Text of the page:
Tuesday, August 26, 2008

10 frames per second

I have recently upgraded my underwater camera system, from a Canon EOS1DsMKII to an EOS1DsMKIII in a Seacam housing. Of course, the marquee advantage of the 1DsMKIII is the 21 megapixel full frame sensor and the extraordinary detail and color the 14-bit processing reveals. The files truly are stunning, but one of the coincident advantages to housing this system is that the 10 megapixel 1DMKIII is exactly the same size, and therefore fits in the same housing.

This creates multiple advantages:

1. A less expensive back-up camera.
2. A 1.3 crop factor on the sensor when a different perspective on the same lens is required. I especially like the wide angle field of view of the 15mm fisheye and 14mm wide angle when used on the 1DMKIII.
3. The 10 frame per second capture rate is a powerful tool for certain dive related imaging scenarios, like the giant-stride series shown here.

Admittedly, high res generally trumps frame rate on continuous shutter for most underwater applications, but the versatility of having two significantly different tools fitting in the same housing is very powerful.

Saturday, August 16, 2008

A shark dead for no reason

Snapper Ledge Deserves SPA (Sanctuary Preservation Area) Status

Is there anything we can do about the ongoing carnage that anglers and spearfisher-persons are doing at Snapper Ledge off Key Largo? I ask because it is an absolute gem of a reef, the fishiest reef in the whole Florida Keys I think. But, it is open for any and all to take fish there. There is only one mooring buoy and I’ve seen it occupied by boats teaching spearfishing classes, and more disturbing is what is being done to the nurse sharks there.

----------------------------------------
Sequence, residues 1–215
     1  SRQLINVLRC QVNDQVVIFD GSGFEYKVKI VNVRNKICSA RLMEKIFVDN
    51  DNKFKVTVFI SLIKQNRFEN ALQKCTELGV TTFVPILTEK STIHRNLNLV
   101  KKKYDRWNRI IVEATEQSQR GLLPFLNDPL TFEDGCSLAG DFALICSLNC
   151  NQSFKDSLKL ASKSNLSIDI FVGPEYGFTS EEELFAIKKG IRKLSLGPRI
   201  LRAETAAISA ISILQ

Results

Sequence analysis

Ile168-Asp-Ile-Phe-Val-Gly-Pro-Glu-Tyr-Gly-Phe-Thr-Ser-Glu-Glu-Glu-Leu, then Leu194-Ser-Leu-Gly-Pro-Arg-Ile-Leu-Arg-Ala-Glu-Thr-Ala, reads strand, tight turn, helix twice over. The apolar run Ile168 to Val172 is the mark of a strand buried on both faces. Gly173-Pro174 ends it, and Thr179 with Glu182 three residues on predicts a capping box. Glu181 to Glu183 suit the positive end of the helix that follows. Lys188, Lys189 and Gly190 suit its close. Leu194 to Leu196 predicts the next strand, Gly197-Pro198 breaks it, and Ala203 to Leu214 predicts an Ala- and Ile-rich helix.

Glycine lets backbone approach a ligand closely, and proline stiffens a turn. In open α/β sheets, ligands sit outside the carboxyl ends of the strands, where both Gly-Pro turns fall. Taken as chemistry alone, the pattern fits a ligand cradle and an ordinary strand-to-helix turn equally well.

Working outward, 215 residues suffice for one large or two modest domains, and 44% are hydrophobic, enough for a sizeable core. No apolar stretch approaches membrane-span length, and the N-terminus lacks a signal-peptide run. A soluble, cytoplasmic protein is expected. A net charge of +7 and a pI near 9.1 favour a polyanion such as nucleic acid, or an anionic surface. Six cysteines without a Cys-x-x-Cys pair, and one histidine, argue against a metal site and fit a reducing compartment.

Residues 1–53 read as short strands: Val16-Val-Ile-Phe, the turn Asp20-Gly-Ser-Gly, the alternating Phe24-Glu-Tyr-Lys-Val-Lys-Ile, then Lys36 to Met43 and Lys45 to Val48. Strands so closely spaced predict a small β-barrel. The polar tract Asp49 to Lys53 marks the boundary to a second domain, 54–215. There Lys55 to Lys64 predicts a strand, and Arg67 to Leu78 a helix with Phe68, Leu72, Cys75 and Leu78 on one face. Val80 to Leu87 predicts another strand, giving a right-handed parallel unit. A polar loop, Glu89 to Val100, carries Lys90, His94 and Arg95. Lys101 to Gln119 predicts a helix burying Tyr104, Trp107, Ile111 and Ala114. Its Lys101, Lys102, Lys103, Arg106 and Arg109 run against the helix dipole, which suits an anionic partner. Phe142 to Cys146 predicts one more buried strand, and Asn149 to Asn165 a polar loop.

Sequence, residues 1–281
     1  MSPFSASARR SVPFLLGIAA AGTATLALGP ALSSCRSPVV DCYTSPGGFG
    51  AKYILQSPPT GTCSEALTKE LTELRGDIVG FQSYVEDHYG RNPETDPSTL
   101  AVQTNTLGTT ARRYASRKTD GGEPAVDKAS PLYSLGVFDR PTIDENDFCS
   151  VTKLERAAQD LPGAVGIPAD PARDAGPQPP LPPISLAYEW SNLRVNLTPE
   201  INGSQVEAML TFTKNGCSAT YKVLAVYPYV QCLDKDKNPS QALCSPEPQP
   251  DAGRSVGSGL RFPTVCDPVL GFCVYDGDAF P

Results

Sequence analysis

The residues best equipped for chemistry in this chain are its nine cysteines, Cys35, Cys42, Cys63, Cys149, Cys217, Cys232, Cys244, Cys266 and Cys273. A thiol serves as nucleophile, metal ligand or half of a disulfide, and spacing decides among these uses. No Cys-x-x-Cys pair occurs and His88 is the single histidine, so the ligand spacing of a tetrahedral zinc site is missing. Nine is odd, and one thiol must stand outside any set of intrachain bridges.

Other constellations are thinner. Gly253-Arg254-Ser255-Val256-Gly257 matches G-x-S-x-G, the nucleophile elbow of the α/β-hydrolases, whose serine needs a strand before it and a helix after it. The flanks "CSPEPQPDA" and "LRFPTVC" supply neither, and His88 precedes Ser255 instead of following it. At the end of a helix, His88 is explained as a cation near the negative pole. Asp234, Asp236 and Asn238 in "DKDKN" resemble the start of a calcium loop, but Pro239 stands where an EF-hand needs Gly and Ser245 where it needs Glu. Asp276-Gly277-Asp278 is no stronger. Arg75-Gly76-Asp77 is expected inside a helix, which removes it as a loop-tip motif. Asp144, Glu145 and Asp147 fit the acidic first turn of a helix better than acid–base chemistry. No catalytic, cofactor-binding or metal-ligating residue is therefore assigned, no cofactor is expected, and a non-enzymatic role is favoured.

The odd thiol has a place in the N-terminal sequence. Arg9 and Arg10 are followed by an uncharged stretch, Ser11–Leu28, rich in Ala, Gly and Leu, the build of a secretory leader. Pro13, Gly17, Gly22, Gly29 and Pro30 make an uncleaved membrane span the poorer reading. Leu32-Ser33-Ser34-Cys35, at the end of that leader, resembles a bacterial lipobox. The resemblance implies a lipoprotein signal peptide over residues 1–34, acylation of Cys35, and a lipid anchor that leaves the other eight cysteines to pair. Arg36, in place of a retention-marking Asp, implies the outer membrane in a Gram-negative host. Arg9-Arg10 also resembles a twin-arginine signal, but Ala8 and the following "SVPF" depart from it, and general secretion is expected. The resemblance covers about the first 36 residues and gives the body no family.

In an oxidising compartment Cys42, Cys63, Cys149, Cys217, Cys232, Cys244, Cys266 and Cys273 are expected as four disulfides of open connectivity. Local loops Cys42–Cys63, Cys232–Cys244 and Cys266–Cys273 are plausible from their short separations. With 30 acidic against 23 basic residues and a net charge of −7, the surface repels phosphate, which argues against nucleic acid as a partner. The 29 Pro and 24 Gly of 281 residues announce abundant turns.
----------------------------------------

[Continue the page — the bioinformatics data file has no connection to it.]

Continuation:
I don’t dive this spot all that often, mostly just during my photo classes, but now on 3 separate occasions I’ve found nurse sharks alive on the bottom, but just barely. They’d been apparently caught or speared for sport, and then left to die. It took them several days to finally die, but sure enough, we found them later in the week dead on the reef.

This week it was even more outrageous. I found a nurse shark curiously lethargic on the bottom on Sunday. He had been stabbed through the back, and eviscerated. I looked at his belly and the entrails were hanging out. He was alive but nothing anyone could do to help that poor guy. Someone probably caught him, stabbed him, gaffed him, and threw him back in to die.

I had 16 photo students with me to witness this barbaric travesty on Sunday, and then were with me on Wednesday to find the white and lifeless corpse on the bottom, tucked in next to the majestic schools of grunt and snapper we were there to celebrate. I have photos of the whole series, including the vibrant shark who became detritus on the seafloor by the act of some ignorant or malicious person. It was pretty outrageous really.

I recommend this marquee dive site be protected as a Sanctuary preservation Area, SPA, just like Molasses Reef is protected. There are plenty of other places to spear fish off Tavernier and Islamorada. We’re only talking about a few hundred square meters that needs protection, because clearly, left to their own devices, uncaring and uneducated cretins are decimating the marine life there for no good reason.

To sign a petition to make Snapper Ledge a SPA, please visit:

Thursday, August 14, 2008

More on UW TTL with digital cameras

I'm teaching another photo course this week, and enjoying seeing so many different shooters with so many different systems participating.

As is our norm, we do an exposure test on the first day, to make sure distance estimation, strobe aiming, and camera/strobe performance is as expected. After years of seeing marginal (and worse) TTL performance from digital cameras and housings, I was very impressed to see the consistency of exposure rendered by several different housings, all outfitted with Ikelite DS125 strobes.

Here are some samples:

The top series is one I shot on full manual, showing the difference one stop makes, absent TTL correction.

The second is by Jim Gombold with a Nikon D50, Ikelite housing.

Below that by Lester Knudsen with a Nikon D80, Subal housing with TTL circuitry, Ikelite digital TTL cord.

At the bottom are images are by Jay Srenger using a new Olympus Evolt 330, Ikelite housing.

When TTL works, as it does here, the light on the exposure slate will be close to the same in each of the exposure brackets, as that is contributed by the regulated strobe light. The background light density will change according to the various apertures and the ambient light on the scene.